I open my eyes and sit up in my car seat a little. A minute later, I start the engine and continue my drive home.
I’d just finished a busy night shift. Non-stop, constant running from ward to ward for most of the 12 hours. I’d come on the shift with more than 10 jobs already waiting for me. The F1 on call was apologetic as she handed over a few more. What can you do? Some days are just busier than others. Add that to the patient that was deteriorating before our eyes and it’s easy to see why there was a back log.
I spent a lot of my time on this patient, his blood pressure kept dropping despite giving him 4 L of fluid. By the end of the shift he was taken to HDU for more support.
When the day team arrived, I was relieved to shrug off all responsibility and head home. I couldn’t be happier to get into my car and hit the pedal.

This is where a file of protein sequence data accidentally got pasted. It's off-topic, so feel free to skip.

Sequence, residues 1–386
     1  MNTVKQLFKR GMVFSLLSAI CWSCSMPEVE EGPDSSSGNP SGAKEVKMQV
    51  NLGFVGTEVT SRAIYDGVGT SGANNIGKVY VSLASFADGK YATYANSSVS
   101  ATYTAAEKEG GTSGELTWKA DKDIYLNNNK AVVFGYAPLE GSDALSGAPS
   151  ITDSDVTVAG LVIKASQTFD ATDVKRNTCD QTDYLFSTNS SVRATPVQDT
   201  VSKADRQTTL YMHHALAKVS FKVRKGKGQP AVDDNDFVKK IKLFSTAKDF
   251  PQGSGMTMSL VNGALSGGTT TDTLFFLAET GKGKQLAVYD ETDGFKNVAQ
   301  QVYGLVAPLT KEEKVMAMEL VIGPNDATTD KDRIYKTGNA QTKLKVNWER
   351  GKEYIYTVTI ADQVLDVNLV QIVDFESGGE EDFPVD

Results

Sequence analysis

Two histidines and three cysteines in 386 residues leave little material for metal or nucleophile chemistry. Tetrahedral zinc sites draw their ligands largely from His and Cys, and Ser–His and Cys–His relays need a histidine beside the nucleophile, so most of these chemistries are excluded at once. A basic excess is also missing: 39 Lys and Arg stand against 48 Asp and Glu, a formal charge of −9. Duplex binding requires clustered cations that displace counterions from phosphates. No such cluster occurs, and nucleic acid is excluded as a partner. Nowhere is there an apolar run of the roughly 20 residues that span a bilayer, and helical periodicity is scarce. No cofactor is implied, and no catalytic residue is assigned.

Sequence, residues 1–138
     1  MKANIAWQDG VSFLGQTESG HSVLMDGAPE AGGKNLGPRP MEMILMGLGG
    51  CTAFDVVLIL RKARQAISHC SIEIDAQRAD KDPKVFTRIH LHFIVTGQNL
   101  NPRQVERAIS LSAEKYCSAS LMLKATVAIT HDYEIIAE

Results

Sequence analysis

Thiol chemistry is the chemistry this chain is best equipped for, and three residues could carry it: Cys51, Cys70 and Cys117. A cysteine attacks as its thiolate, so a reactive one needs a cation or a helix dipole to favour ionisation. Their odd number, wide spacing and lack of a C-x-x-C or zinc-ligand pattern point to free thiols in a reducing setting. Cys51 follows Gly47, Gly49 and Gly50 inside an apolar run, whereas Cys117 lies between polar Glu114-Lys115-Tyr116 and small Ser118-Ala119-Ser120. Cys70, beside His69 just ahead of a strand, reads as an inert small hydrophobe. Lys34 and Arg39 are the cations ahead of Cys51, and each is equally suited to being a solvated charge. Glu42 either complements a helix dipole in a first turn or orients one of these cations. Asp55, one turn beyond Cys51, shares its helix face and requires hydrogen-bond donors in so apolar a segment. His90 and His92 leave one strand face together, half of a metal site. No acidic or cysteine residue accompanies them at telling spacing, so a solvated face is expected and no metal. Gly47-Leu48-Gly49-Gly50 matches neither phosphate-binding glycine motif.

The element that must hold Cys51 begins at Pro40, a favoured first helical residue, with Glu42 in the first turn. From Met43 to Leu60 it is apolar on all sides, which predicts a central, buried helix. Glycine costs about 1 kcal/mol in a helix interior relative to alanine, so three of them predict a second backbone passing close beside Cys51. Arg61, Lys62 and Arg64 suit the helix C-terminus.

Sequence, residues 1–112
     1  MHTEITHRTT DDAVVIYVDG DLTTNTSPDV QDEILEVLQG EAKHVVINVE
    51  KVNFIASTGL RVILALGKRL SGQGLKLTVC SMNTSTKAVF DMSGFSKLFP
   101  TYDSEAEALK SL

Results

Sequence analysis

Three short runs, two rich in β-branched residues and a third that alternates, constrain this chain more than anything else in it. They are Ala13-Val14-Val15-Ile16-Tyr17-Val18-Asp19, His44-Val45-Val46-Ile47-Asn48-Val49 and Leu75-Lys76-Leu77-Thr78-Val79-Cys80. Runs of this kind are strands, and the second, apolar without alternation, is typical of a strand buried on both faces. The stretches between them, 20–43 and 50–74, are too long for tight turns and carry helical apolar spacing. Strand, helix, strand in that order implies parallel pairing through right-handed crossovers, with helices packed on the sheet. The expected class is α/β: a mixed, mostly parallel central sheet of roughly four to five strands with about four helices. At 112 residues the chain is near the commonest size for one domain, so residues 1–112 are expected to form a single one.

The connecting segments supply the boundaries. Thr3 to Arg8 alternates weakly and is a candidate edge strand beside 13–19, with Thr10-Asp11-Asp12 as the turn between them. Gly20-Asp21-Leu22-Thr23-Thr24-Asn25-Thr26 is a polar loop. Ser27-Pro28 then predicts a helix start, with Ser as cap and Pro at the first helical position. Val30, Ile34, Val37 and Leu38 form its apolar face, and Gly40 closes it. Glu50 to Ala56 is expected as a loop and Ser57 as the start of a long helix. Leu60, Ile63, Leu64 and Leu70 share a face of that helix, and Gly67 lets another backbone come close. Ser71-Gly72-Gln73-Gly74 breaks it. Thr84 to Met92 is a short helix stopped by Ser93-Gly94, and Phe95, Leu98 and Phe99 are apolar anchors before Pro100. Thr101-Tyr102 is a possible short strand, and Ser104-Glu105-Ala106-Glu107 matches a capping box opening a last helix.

The tiredness never hits me in the beginning. I’m usually fully awake and smiling as I head towards home. It’s towards the end when the monotony of driving in a straight line without having to change lanes or stop or think plus the steady soothing hum of the engine starts to gently carry me away. I’m on autopilot. Ever so slowly the road markings start to blur, it feels like I’m drifting a little bit to the left, my lids feel really heavy…
This doesn’t always happen; I can often make it home without stopping. But there have been times I’ve come off the motorway, stopped at the side of the road or once at a local Tesco, switched off the engine and just closed my eyes.
Time passes, I open my eyes, turn the key and away I go.
It’s scary what tiredness can do. I had a colleague tell me that she thought she’d nodded off on her way home and was jolted awake by a horn from the car whose lane she’d started to drift into. The fear and the adrenaline spike kept her awake all the way home.
It’s hard work that we do. It’s just scary to think about what the consequences could be.